Clashes Between Indians and Whites

Returning War Party, courtesy Library of Congress

Dakota Territory, where the city of Canton was eventually established, embraced the Mandan, Arikara, Kidatsa, Assiniboin, Crow, Cheyenne, Cree, and Dakota (Santee Sioux) tribes. The Lakota Sioux were openly hostile to white newcomers, and even the early trappers avoided their sacred land in the Black Hills. Things changed when pioneer families came in and railroads began to snake through the countryside. Railroad workers arrived in hordes to cut through previously untouched land. People who had heard rumors about gold sometimes sneaked into the Black Hills.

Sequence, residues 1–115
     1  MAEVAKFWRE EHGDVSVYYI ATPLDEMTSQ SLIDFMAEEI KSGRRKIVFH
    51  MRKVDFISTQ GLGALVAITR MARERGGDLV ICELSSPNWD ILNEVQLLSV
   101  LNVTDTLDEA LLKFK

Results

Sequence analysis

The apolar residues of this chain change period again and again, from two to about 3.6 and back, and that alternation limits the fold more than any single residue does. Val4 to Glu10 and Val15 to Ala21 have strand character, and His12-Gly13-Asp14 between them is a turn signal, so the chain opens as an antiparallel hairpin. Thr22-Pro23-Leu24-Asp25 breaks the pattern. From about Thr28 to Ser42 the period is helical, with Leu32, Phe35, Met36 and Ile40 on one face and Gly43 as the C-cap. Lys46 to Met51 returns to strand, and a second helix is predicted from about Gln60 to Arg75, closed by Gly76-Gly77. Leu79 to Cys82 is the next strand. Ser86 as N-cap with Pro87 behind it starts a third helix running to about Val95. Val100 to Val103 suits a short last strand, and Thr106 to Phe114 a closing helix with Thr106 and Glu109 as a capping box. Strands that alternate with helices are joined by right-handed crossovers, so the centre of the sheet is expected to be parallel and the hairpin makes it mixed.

The Lakota Nations were important to peace in the region, and in the Fort Laramie Treaty of 1868, the U.S. government granted them a huge parcel of land west of the Missouri River. The government forbade settlers or miners to enter the Black Hills without permission, and the Sioux agreed to stop fighting with the newcomers.

Some people inevitably broke the treaty, and inevitably there were clashes. One Sioux retaliation tactic was to raid settlements and then retreat to the Black Hills where they were protected from pursuit by their treaty. The military wanted a fort in the area to better their chances of cutting off the Sioux before they could get to the Black Hills. That desire for a fort changed everything.

My next post will discuss what happened when the government pursued building a fort in the area.

Sioux Indians From Pine Ridge Reservation, S.D., courtesy Library of Congress

Sioux Delegation, 1891, courtesy Library of Congress

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